Gov. Wolf calls for independent commission to draw Pa. electoral maps
Republicans called the governor's news conference a campaign stunt. None of the measures he backed have made it out of legislative committees, but could come up during a lengthy hearing Tuesday.
HARRISBURG — A week after two courts decided not to intervene in a challenge to Pennsylvania's redrawn congressional district boundaries, Gov. Wolf on Monday renewed his call for legislators to create an independent commission to draw the state's electoral maps.
His announcement came a day before the Senate's state government committee was set to discuss that measure and other potential election changes.
That effort is supported by several groups that endorsed the lawsuit that led the Pennsylvania Supreme Court to strike down the previous congressional map and impose a new one, a move that many expect will improve Democrats' chances of gaining ground in this year's elections.
"This should not be a partisan issue," Wolf said at a Monday afternoon news conference in the Capitol. He added later, "This is really about democracy."
Wolf is also backing efforts that would allow people to register to vote on Election Day — instead of having to meet deadlines weeks before — and would automatically register eligible voters when they get a driver's license from the state unless they opt out. He also supports limits on campaign donations.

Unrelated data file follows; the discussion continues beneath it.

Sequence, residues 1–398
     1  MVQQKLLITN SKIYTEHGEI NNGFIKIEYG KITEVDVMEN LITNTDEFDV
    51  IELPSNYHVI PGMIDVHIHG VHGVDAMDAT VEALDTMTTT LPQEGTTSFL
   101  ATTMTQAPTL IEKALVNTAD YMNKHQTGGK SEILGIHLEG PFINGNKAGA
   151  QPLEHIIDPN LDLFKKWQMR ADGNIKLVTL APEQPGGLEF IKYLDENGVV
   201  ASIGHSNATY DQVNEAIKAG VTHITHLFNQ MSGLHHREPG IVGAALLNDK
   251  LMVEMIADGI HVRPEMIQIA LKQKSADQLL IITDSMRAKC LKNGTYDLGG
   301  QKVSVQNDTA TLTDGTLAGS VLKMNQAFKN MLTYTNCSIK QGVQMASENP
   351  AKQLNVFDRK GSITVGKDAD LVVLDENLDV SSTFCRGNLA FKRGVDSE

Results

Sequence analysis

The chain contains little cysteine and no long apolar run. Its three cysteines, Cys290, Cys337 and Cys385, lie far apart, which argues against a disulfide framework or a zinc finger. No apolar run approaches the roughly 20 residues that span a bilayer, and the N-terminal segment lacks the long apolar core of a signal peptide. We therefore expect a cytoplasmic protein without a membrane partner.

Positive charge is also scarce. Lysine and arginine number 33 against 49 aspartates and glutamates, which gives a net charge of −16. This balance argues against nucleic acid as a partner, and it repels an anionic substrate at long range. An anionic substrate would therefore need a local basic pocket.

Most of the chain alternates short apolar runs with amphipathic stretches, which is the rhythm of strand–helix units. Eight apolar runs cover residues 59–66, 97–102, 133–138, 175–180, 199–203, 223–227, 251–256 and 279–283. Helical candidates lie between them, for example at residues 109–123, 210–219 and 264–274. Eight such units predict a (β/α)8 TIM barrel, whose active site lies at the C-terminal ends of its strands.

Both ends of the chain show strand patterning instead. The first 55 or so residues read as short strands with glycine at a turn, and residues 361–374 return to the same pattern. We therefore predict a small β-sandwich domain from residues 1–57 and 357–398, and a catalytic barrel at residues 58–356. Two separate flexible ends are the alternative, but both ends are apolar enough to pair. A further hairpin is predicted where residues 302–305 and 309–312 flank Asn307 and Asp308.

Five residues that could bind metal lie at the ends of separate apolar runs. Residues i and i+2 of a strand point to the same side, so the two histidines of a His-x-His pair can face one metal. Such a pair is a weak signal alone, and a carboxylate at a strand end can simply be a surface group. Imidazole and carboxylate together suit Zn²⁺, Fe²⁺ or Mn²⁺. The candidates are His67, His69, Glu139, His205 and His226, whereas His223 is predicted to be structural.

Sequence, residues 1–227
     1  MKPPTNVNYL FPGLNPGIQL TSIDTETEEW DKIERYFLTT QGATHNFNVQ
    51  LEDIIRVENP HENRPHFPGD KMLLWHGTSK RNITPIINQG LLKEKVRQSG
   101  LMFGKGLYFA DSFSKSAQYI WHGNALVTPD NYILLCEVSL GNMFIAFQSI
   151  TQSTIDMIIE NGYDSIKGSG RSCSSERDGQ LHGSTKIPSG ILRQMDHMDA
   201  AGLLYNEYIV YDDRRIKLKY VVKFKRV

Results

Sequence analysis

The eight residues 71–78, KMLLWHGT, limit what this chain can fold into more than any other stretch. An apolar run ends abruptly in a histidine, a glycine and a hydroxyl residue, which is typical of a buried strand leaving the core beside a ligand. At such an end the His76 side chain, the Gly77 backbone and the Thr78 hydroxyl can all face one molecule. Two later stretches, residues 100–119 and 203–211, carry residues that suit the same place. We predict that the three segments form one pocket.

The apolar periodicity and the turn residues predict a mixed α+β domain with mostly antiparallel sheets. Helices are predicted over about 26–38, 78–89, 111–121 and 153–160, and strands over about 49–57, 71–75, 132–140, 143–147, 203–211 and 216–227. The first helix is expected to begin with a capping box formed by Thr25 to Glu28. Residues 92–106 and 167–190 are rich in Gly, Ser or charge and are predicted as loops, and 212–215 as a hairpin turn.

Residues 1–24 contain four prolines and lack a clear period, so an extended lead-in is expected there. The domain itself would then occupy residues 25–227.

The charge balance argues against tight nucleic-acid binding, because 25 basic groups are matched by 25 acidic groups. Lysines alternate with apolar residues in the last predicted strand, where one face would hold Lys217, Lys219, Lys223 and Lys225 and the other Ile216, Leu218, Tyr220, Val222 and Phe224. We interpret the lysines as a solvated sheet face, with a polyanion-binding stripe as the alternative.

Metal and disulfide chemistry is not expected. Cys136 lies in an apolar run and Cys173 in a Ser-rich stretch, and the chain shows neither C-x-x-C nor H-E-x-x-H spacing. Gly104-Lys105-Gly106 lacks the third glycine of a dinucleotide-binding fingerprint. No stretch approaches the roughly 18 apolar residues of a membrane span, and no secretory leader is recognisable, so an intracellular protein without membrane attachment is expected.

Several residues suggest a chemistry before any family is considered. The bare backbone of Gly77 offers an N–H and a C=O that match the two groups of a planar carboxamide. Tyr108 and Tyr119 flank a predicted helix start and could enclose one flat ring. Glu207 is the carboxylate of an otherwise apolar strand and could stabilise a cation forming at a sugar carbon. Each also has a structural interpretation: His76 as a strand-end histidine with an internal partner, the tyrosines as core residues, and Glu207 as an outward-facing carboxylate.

All of the bills have been referred to legislative committees, but have not left them — although some are expected to come up at a lengthy hearing Tuesday. Some face resistance or skepticism from Republicans, who hold the majorities in both chambers.
Steve Miskin, a spokesman for House Republicans, noted that people can currently change their voter registration when they update their driver's licenses and expressed concerns that same-day registration could open the door for voter fraud.
Jennifer Kocher, a spokeswoman for Senate Republicans, called the governor's announcement a "campaign stunt," noting that the Senate's committee meeting had already been in the works. "The Senate committed long ago to moving forward with the process of examining how congressional districts are drawn as soon as the court proceedings were over," she said.
A spokesman for Wolf noted that his support for the measures was not new.